On New Year’s Day, 1962, Dick Rowe, the official talent scout for Decca Records, went to office, little realising that this was to become one of the most notorious days in music history. He and producer Mike Smith had to audition bands and decide if any were good enough to be signed on to the record label. At 11:00 am, either Rowe or Smith, history is not sure who, listened a group of 4 boys who had driven for over 10 hours through a snowstorm from Liverpool, play 15 songs. After a long day spent listening to other bands, the Rowe-Smith duo signed on a local group that would be more cost effective. The band they rejected went on to become one of the greatest acts in musical history – The Beatles. However, in 1962, they were allegedly dismissed with the statement “Guitar groups are on the way out”.

Source: Wikimedia Commons
Source: Wikimedia Commons

Decca’s decision is a classic example of deciding based on biases and poor information. History is full of examples of poor decisions that have had far reaching and often disastrous consequences.

In the world of business, where decisions are usually made after much analysis, bad decisions have wiped out successful giants. Take the example of Kodak – a company that made a devastating wrong decision despite overwhelming evidence to the contrary. Everyone knows that Kodak couldn’t survive as digital photography replaced film. What is so ironic that Alanis Morissette could have sung about it, is that the digital camera was first invented by an engineer at Kodak as early as 1975. In 1981, an extensive study commissioned by Kodak showed that digital was likely to replace Kodak’s film camera business in about 10 years. Astonishingly, Kodak did not use this time to capitalise on their invention of digital cameras – rather they focused on making their film cameras even better. In 1996, they released a combined camera – the Advantix, which let users preview their shots digitally to decide which ones to print. Quite understandably, no one wanted to spend on printing when they could view, store and share photos digitally. The Advantix failed, but the company’s unwillingness to shift focus to digital technology continued. Kodak went from a 90% market share in US camera sales in 1976 to less than 10% in 2012, when it filed for bankruptcy. It sold off many of its biggest businesses and patents and is now a shell of its former self.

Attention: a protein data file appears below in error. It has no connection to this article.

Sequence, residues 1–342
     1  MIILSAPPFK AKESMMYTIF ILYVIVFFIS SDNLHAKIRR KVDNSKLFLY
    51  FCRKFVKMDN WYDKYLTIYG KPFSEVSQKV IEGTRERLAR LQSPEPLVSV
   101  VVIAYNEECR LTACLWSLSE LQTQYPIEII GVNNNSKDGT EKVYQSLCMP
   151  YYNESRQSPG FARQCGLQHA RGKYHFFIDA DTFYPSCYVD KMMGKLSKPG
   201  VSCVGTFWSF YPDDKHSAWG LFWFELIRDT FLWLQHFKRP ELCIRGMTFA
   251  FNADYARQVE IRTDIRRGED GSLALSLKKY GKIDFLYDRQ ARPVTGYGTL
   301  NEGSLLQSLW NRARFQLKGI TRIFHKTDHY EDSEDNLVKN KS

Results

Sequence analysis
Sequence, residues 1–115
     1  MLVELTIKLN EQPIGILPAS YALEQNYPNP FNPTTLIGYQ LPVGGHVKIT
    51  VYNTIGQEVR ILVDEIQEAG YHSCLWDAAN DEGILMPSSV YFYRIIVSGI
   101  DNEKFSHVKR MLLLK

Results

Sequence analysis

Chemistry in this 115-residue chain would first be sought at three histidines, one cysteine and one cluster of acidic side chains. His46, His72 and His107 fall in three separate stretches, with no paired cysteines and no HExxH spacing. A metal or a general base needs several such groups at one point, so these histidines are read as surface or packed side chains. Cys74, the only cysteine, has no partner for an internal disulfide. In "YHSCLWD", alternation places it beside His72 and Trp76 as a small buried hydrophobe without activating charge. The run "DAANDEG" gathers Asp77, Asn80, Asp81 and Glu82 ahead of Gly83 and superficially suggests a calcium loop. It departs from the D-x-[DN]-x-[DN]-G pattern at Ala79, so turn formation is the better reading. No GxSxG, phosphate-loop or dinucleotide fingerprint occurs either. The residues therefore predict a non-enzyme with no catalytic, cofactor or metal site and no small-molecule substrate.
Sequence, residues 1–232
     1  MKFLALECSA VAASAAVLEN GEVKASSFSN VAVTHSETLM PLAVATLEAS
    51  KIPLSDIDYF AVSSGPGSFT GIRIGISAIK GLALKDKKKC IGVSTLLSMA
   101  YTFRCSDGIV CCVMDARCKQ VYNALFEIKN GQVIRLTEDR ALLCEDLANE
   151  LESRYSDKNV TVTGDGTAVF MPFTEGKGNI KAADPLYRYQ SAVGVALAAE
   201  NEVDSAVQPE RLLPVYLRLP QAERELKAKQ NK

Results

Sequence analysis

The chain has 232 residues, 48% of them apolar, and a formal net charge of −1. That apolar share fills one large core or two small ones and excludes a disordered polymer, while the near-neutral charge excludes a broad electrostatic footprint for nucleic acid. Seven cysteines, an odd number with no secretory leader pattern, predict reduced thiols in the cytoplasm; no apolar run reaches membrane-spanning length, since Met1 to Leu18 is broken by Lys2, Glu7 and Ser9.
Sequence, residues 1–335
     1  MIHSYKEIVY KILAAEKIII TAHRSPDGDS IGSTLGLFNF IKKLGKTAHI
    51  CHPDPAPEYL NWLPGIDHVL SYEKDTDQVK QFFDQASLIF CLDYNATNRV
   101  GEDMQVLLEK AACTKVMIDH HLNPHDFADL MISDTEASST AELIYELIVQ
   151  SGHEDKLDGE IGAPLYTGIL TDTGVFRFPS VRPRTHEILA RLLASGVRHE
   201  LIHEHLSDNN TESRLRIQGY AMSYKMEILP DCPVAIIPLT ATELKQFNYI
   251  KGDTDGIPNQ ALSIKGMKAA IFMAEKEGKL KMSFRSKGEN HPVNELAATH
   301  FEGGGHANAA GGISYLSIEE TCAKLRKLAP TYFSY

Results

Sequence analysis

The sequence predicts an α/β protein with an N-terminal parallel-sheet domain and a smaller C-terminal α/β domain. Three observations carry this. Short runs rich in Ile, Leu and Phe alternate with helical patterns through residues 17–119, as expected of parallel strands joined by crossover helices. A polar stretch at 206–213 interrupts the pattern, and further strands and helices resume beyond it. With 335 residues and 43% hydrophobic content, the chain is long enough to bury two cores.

Source: Wikimedia Commons
Source: Wikimedia Commons